Lifestyle

Don’t let fitness take a vacation this holiday season

With some planning and dedication, you can ring in the New Year the same size you are now. - SUBMITTED PHOTO
With some planning and dedication, you can ring in the New Year the same size you are now.
— image credit: SUBMITTED PHOTO

Christmas decorations are making their debut, and the smell of fresh baked gingerbread cookies is in the air.  Sticking to a healthy eating plan and regular exercise routine can be a battle any day of the year.  During the holidays, however, festive feasts, willpower-impairing spirits, and tempting chocolate truffles team up to challenge even the most resolute health nut.  During the holiday frenzy, seemingly, the numbers on the bathroom scale can increase almost as fast as the bank balance dwindles.

Fortunately, holiday weight gain is not inevitable.   In fact, you can move toward your goal weight and increase your fitness level amid the festivities.  Like any other time of the year, keeping fit and achieving a healthy body weight requires planning and effort.

1. Boost your workout routine

Weight maintenance is a matter of balancing calories in and calories out.  You can offset a few calorie dense appetizers or a piece of toffee pudding by kicking your workouts into high gear.  Add high intensity bursts into your cardio sessions to scorch extra calories.  When working with weights, try circuit training to get the most out of your limited gym time.  Choose several full body exercises (think push-ups, or biceps curls in a squat position) and do them with little or no rest in between sets.  The more muscles you move, the more calories you will burn.

2. Go for an after dinner walk

The holidays are about spending time with family and friends.  A great way to spend quality time with loved ones- and get a little exercise- is to go for a walk.  Tour the neighbourhood and enjoy the display of lights.

3.  It’s not about the food!

Instead of mingling with friends over a table full of mini quiches and meatballs, plan a get-together that does not revolve around food.  Host a Christmas craft-making party, plan a games night, or a snowshoe outing.  Have healthy snacks available to your guests- but make the activity, not the food, the main event.

4. Give the gift of heart healthy food.

It seems that healthy cooking practices are often forgotten when preparing food for guests.  Keep your guests’ health in mind when preparing a meal.  If you shouldn’t eat it, they probably shouldn’t eat it either.  For an appetizer, try hummus and low fat crackers, or offer a plate of veggies and light dip.  Instead of preparing fat-laden dishes, find creative ways to cut back on calories and fat.  A low-fat cookbook is a great start to creating healthy meals.  For dessert, try baked fruit with low fat ice cream.  Your guests will thank you in January.  When going to a dinner, offer to bring an appetizer or dessert (and make it healthy) so you won’t stray too far from your diet plan.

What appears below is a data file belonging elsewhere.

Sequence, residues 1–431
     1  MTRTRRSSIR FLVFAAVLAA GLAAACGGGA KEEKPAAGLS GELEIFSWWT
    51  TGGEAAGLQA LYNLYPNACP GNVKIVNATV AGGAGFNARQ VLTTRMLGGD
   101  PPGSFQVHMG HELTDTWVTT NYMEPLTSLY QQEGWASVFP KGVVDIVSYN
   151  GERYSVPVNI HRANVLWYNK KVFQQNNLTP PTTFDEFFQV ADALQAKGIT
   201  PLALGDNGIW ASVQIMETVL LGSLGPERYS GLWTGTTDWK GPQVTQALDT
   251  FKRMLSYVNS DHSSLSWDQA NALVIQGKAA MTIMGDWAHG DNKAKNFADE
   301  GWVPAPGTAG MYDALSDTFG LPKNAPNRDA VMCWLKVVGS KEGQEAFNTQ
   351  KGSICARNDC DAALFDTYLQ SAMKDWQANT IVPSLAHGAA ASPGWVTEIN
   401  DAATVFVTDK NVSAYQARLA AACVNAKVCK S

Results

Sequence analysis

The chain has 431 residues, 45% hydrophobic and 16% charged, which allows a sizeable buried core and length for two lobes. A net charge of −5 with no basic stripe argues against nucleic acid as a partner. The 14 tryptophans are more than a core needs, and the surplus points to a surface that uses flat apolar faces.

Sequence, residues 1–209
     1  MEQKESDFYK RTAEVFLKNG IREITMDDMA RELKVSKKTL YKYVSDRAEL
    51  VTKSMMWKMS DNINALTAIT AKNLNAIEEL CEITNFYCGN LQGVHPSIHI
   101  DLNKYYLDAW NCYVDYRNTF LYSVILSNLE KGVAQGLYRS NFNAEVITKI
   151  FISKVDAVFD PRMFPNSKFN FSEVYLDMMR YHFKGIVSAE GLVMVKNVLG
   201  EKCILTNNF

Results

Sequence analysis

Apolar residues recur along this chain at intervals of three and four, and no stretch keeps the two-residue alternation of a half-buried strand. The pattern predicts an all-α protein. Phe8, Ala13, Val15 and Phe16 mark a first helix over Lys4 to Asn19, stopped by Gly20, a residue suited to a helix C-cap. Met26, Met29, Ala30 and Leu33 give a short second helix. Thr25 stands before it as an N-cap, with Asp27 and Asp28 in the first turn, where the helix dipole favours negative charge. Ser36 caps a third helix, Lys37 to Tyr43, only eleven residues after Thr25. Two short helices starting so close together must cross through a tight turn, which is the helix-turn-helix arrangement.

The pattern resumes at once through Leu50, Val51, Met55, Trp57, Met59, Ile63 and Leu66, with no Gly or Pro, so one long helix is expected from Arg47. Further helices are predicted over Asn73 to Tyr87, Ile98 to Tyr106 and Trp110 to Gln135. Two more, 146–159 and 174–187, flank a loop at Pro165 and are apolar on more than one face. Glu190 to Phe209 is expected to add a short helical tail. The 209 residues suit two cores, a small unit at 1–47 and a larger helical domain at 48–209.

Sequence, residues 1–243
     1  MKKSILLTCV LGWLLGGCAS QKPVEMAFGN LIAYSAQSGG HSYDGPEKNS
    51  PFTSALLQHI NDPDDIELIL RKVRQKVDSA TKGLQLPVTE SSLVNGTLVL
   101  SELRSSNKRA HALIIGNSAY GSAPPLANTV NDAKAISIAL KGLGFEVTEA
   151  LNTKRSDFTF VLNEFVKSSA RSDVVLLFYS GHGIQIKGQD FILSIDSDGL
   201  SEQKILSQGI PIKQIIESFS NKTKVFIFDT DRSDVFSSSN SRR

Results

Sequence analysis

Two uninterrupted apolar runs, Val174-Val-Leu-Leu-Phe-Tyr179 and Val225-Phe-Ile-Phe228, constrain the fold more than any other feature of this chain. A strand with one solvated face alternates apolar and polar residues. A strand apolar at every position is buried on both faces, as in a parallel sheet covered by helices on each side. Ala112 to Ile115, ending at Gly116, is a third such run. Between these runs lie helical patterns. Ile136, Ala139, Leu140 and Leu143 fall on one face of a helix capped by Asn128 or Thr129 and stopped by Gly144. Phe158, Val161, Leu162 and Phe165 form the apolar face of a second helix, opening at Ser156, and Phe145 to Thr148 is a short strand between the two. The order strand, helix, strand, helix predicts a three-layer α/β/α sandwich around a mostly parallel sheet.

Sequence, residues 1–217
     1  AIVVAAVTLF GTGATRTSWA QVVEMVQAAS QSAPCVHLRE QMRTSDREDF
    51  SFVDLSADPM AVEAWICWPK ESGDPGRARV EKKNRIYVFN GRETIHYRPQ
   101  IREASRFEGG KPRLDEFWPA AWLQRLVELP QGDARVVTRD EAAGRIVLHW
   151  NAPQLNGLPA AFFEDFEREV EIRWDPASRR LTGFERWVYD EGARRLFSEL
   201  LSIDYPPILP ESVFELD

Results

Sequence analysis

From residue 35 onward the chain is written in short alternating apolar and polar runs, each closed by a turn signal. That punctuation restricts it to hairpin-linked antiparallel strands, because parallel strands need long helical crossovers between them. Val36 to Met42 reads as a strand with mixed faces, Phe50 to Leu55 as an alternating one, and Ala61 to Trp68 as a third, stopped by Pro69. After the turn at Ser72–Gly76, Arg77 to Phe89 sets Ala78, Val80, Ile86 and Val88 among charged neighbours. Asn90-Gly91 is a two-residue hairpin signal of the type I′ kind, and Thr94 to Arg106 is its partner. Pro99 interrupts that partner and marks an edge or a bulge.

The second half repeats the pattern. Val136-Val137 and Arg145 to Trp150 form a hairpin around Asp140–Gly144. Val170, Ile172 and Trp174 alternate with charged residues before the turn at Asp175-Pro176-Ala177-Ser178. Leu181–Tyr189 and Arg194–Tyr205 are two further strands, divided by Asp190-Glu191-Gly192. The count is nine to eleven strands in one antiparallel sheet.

5. Plan your attack at the buffet table.

The buffet table can be a dream come true - or a worst nightmare.  Before loading up your plate, take a look at all your options.  A little of everything adds up to a lot of unnecessary calories.  Fill most of your plate with healthful salads, vegetables and lean proteins.  To avoid overfilling your plate, leave a small gap between each type of food- so that the plate is still visible.  Eat slowly and wait at least 10 minutes with an empty plate before deciding if seconds are necessary.

6. Go easy on the cocktails.

Alcohol is full of empty calories, and will weaken your self-control.  Opt for lower calorie options: a glass of wine has about 120 calories, whereas a rum and eggnog has about 350 calories per glass.  Drink a non-calorie beverage, such as water or tea, in between alcoholic drinks.  You will save yourself the weight gain- and the hang over.

7.  Re-evaluate your goals.

If you were consistently losing two pounds per week, only losing one pound per week or maintaining your weight may be a more reasonable goal during the holidays.  You can always kick your exercise and eating plans up a notch in January.  The holidays should be enjoyed- and that may mean having a few treats that are avoided during the other eleven months.

The holiday season flaunts countless opportunities to stray from a healthy diet.  A few extra indulgences combined with missing the gym to get those last few gifts can show up on the hips.  Fortunately, with some planning and dedication, you can ring in the New Year the same size you are now.  If you do find yourself a pound or two heavier in 2013, keep in mind that what you do from January and November is more important than what you do in December.  Plan to shed the weight as soon as possible to prevent the weight from accumulating over the years.

Enjoy the holidays!

 

Tanja Shaw is the owner of Ascend Fitness Coaching, a private training studio.  Tanja and her team of expert fitness professionals works to inspire and educate Chilliwack residents to make positive and power changes in their lives through physical fitness and sound nutrition.  For more fitness tips go to www.ascendfitnesscoaching.com.

 

 

 

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